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CalAttorney2
CalAttorney2, Attorney
Category: Landlord-Tenant
Satisfied Customers: 10244
Experience:  I am a civil litigation attorney with experience representing both landlords and tenants in residential and commercial property disputes.
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I live in Dallas TX in an apartment community called The

Customer Question

I live in Dallas TX in an apartment community called The Gibson Company. We have complained about our electric bill now for 3 years. We love the place but this last week we found that the landlord has had the parking lot lights "tapped" into our electric breaker boxes (we have two - one light in one and two in the other). Since we found this out, our landlord has done nothing as of yet to remedy the situation. This morning I had a licensed electrician come out to confirm and document this issue.
Since last week I have also kept these lights turned off by keeping the breaker in our apt turned off. Not really convenient since it is wired into the kitchen (no power to our fridge or stove) circuit but we will be able to afford our electric bill. Because of smart-metering we can see directly that this issue has been costing us a lot of money.
Submitted: 1 year ago.
Category: Landlord-Tenant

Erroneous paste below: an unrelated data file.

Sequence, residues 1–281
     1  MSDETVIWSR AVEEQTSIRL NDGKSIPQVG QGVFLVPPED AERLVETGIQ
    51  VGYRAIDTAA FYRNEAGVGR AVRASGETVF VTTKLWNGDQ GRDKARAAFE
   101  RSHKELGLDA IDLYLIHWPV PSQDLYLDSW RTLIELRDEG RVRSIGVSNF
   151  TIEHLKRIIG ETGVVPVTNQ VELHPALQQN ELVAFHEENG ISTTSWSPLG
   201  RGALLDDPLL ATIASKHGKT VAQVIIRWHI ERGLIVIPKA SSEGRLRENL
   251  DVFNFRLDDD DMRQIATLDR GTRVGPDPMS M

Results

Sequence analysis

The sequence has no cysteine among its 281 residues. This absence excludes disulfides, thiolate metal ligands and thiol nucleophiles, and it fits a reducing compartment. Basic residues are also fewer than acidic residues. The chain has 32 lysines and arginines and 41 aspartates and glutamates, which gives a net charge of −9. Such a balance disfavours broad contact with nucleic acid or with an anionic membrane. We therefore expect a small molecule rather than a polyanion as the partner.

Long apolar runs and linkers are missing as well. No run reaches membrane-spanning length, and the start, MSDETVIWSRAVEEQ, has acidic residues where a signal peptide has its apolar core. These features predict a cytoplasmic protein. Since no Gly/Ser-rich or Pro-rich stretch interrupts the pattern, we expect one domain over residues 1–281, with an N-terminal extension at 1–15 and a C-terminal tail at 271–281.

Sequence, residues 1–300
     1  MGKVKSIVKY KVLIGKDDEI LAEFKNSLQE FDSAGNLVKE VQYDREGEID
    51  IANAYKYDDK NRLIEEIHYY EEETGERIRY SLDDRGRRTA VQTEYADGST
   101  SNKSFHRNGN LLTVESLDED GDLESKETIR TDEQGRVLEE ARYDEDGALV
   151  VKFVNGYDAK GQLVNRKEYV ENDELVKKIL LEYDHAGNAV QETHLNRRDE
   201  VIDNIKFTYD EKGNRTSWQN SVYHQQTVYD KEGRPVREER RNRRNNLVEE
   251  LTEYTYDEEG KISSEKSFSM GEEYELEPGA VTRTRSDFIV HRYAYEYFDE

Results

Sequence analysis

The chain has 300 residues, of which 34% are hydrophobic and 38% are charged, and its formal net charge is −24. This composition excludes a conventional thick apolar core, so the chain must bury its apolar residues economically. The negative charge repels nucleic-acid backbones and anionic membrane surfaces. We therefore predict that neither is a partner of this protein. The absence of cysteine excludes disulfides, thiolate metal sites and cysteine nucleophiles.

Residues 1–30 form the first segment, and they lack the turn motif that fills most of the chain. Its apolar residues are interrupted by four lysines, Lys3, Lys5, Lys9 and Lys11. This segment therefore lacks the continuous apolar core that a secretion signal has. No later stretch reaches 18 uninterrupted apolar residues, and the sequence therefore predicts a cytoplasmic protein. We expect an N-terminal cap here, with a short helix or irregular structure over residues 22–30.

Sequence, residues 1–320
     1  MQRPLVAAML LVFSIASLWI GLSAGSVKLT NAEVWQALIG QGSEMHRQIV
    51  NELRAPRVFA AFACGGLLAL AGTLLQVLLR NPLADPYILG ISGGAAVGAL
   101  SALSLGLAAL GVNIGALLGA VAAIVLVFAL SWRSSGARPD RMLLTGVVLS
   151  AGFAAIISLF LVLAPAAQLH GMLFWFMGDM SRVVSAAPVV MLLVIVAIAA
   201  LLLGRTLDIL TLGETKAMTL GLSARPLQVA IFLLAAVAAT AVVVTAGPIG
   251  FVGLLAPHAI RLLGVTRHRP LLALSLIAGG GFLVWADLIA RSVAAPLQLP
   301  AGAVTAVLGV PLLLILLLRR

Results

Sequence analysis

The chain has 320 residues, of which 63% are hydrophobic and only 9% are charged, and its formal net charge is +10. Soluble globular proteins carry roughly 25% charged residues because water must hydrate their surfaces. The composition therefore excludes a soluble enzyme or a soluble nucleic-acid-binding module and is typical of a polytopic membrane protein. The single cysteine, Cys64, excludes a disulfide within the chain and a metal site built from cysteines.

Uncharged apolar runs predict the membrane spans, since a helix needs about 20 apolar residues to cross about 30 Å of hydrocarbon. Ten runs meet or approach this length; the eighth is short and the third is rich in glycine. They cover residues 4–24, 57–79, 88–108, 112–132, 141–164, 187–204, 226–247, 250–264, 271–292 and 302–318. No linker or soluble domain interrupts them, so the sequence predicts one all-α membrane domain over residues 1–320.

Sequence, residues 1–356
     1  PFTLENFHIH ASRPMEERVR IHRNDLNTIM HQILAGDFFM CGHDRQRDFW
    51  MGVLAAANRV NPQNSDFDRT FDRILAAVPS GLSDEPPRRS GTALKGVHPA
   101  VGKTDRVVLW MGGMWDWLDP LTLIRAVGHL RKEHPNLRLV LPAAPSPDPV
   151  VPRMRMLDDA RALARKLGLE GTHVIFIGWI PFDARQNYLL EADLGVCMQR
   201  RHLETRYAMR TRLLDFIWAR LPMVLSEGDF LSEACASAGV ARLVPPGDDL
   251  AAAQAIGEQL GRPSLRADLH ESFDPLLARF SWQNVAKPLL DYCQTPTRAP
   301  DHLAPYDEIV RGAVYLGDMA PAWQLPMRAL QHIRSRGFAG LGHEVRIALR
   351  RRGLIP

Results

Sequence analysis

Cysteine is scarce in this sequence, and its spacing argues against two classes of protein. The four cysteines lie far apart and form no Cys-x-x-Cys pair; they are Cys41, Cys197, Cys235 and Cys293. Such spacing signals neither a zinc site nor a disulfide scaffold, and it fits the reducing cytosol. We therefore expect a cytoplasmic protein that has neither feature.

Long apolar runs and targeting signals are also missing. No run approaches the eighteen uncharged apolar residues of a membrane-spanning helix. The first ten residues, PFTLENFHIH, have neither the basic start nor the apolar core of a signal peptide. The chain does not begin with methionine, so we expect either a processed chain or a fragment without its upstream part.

Expert:  CalAttorney2 replied 1 year ago.

Dear Customer,

I am sorry to learn of this situation.

While you can sue the landlord for "Conversion" (the civil equivalent of theft) in small claims court (see: https://www.texasbar.com/AM/Template.cfm?Section=Consumer_and_Tenant_Rights1&Template=/CM/ContentDisplay.cfm&ContentID=24859), this is a very aggressive maneuver. As you say that you really like your unit, I assume that you would like to continue living there. Rather than taking the "sledgehammer" approach, you can try a more conservative approach first, and if that fails, you can always sue later.

Short of filing a lawsuit, you can try to mediate the dispute with them - contact your local bar association and request referrals to mediators, a third party neutral can often help you reach a mutually agreeable resolution. Use the bar association's referrals to contact a mediator or two, the mediator will then contact the other party to set up a mediation session, and you can go from there - hopefully resulting in a formal or written settlement agreement, and save yourself the time and expense of litigation.